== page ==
Nigerian President Muhammadu Buhari. Picture: REUTERS/AFOLABI SOTUNDE
Nigerian President Muhammadu Buhari. Picture: REUTERS/AFOLABI SOTUNDE

Already frail diplomatic relations between the SA and Nigerian governments were further strained following days of looting and attacks on foreign nationals and their businesses in Gauteng this week.

The allegedly co-ordinated attacks have seen residents going on the rampage, looting foreign-owned businesses in Tembisa, Alexandra, Hillbrow, Cleveland, Jeppestown, and the Johannesburg CBD since Sunday. 

The violence continued on Tuesday, spreading to other areas including Germiston on the East Rand. Videos posted on social media showed people pelting those described as “Nigerians” with stones and hounding them out of their hiding places as they pleaded for mercy.

Another showed a group of Nigerians who had retreated to a bushy and rocky area, saying they had to run for their lives after being targeted and attacked by residents of Soshanguve outside Pretoria.

Last week, riots broke out in the Pretoria CBD which resulted in a number of foreign-owned shops being looted and torched. This was after a taxi driver was shot dead, allegedly by a Nigerian national the driver had apparently witnessed dealing drugs. The attacks resulted in the escalation of tension between SA and Nigeria with the latter stating publicly that it will retaliate.

The Nigerian government is concerned that SA law enforcement agencies are not dealing with attacks on its nationals. Tension between the two countries has, in the past, resulted in Nigerians calling for South Africans in Nigeria to leave their country.

Nigerian former minister of culture and tourism, and of aviation, Femi Fani-Kayode, tweeted that SA treated Nigerians like ‘filth and kill them for sport’

Another event that heightened tensions between the two countries was the death of 67 South Africans during the collapse of the Synagogue Church of all Nations building in Nigeria in 2014. The SA government was reportedly not happy with having to struggle to get answers about the tragedy and that the Nigerian government did not issue any condolences to the SA government nor to the families of those who perished.

In 2015, Nigerian officials fined SA mobile operator MTN $5.2bn for failing to disconnect subscribers with unregistered SIM cards. 

On Monday, the Nigerian government tweeted: “The continuing attacks on Nigerian nationals and businesses in SA are unacceptable. Enough is enough. Nigeria will take definitive measures to ensure safety and protection of her citizens.”

It said that Nigerian President Muhammadu Buhari met with President Cyril Ramaphosa on the sidelines of the seventh Tokyo International Conference on African Development in Japan last week “to discuss this”.

“Further discussions [are] scheduled for October 2019 during president Buhari’s official visit to SA. In the meantime Nigeria will take further steps to ensure safety of citizens in SA,” the tweet said.

However, Nigerian foreign affairs minister Geoffrey Onyeama was less cryptic about what needed to be done about the matter: “Received sickening and depressing  news of continued burning and looting of Nigerian shops and  premises in SA by mindless criminals with ineffective police protection. Enough is enough. We will take definitive measures”.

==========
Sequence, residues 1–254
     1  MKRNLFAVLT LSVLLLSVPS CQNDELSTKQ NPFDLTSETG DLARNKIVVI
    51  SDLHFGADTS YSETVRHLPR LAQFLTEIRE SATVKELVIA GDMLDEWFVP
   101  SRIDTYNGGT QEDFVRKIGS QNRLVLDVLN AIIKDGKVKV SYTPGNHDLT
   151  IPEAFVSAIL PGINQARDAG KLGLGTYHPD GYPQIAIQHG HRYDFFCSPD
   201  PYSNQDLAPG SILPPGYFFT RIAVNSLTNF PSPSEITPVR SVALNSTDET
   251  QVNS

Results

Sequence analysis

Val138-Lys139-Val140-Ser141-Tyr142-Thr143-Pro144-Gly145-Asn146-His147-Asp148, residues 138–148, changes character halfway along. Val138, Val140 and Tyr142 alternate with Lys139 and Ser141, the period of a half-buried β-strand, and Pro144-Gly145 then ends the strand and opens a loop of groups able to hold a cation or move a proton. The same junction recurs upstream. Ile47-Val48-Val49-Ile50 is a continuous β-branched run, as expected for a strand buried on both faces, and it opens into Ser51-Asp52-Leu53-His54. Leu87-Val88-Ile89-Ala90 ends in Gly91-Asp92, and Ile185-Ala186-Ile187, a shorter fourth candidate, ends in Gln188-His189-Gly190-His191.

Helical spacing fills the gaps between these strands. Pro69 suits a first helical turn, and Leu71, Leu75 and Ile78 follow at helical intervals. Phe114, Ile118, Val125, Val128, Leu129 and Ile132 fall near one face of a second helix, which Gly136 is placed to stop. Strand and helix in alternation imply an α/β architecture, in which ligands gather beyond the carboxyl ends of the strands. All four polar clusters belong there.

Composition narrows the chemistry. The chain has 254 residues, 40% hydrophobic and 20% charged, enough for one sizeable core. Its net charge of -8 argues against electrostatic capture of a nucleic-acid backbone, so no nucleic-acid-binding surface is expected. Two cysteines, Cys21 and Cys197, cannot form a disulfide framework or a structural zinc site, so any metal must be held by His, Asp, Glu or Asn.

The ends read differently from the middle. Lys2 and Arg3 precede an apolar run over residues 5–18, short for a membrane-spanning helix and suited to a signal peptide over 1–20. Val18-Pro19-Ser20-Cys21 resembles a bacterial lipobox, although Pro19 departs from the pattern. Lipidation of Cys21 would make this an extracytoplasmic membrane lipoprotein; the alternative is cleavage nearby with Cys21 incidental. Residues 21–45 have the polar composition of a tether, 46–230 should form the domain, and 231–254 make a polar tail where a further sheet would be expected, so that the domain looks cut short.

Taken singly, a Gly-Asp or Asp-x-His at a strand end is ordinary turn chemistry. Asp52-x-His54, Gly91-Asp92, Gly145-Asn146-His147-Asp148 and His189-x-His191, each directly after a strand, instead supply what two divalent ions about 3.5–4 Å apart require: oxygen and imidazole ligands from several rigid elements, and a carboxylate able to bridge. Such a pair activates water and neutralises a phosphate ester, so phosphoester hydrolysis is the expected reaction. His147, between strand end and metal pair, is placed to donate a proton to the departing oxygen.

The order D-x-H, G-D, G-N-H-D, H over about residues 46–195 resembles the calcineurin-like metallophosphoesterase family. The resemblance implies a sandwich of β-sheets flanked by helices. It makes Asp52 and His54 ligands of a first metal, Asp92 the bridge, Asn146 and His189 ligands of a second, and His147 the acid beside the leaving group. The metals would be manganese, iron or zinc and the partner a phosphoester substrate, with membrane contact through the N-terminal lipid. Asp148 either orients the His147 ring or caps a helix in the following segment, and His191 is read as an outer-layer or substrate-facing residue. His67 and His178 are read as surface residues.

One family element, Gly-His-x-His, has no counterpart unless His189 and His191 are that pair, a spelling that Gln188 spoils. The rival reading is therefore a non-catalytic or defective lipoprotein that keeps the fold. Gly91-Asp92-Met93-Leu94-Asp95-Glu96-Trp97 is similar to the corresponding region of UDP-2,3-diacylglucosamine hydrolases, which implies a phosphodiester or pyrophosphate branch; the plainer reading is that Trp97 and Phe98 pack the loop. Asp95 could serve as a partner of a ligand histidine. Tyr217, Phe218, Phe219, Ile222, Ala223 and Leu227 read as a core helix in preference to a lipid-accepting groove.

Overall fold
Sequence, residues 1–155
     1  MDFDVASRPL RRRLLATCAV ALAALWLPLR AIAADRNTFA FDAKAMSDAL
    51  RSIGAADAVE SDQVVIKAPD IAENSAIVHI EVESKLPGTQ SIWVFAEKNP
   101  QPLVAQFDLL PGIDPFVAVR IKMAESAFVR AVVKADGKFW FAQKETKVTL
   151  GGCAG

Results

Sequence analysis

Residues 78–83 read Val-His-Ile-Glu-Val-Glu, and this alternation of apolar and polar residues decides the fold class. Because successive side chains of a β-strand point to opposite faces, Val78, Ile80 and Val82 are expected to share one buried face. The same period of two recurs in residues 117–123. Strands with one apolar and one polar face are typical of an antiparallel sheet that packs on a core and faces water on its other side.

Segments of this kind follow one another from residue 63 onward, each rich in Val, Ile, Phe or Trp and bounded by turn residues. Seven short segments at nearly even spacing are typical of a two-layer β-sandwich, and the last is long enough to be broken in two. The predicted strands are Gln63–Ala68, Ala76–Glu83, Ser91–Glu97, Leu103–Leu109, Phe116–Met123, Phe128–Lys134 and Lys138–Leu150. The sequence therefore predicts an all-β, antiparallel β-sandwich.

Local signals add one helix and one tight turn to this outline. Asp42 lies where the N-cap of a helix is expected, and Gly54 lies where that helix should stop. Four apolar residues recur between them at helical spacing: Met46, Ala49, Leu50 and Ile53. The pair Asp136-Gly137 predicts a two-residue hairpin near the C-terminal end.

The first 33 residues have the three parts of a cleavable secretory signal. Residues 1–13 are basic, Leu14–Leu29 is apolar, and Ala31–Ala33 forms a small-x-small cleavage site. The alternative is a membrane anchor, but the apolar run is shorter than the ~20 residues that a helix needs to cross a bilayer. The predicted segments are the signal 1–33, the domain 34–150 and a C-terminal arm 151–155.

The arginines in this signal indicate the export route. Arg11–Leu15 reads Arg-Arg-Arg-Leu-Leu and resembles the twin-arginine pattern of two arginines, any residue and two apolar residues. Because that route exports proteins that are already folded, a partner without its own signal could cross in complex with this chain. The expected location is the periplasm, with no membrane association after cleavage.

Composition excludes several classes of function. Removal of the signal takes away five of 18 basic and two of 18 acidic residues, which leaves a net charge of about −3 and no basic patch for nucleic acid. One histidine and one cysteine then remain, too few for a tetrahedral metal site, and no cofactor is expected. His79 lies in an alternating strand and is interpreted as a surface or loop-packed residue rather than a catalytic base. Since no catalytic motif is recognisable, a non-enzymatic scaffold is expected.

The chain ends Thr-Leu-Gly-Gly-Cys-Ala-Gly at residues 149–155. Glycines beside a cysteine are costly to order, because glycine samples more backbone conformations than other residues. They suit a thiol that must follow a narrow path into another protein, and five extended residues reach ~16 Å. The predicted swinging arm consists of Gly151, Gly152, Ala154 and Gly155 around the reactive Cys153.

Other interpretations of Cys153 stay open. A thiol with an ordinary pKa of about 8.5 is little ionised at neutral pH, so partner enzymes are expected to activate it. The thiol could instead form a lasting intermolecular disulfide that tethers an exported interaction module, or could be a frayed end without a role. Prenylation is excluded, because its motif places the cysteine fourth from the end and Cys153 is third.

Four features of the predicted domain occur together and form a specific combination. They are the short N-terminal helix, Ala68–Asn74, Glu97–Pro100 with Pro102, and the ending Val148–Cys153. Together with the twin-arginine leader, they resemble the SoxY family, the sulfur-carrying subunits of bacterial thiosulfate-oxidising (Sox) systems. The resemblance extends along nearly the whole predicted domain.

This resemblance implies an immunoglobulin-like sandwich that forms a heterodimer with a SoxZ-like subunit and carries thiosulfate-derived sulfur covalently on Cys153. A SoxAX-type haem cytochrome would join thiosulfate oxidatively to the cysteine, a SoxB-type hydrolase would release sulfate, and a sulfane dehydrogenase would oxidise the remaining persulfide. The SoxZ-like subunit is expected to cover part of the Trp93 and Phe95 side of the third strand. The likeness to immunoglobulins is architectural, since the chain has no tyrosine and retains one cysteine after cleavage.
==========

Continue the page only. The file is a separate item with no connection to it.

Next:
Nigerian former minister of culture and tourism, and of aviation, Femi Fani-Kayode, tweeted that SA treated Nigerians like “filth and kill them for sport”. “We must hit them with all we have got, including sanctions on SA companies. They deserve to be taught a lesson and given a bloody nose.” 

In a media release on Tuesday, MTN said: “We strongly condemn prejudice and xenophobia and we reiterate our unequivocal condemnation of any and all violence. As a leading pan-African telecommunications company with operations in 21 countries, MTN believes in the potential of an Africa whose nations pursue deeper trade, integration and co-operation. 

“We actively encourage the dialogue necessary to maintain peace and sustain strong relationships and urge all our customers and stakeholders to support and defend the principles of human rights, diversity and inclusion and an integrated collaborative Africa.”

The SA-Nigeria Business Chamber condemned the attacks on foreign-owned business and others, saying “the hostilities have implications beyond SA's borders and put an enormous strain on SA’s relations with other African nations”.

The chamber said the relationship between SA and Nigeria was an “important and strategic one for both countries”.

“Their nationals and businesses employ thousands of people in both countries. Trade and investment between the two nations is significant. There is much at stake and engagement at all levels is required to ensure that these important bilateral ties are not compromised.

“SA’s leaders need to urgently and decisively address the issues that underpin these sporadic but damaging outbursts of violence against foreign nationals,” the chamber said.

“It is important that government demonstrate its commitment to applying the rule of law and maintaining cordial continental relationships.”

SA government spokesperson Phumla Williams could not be immediately be reached for comment.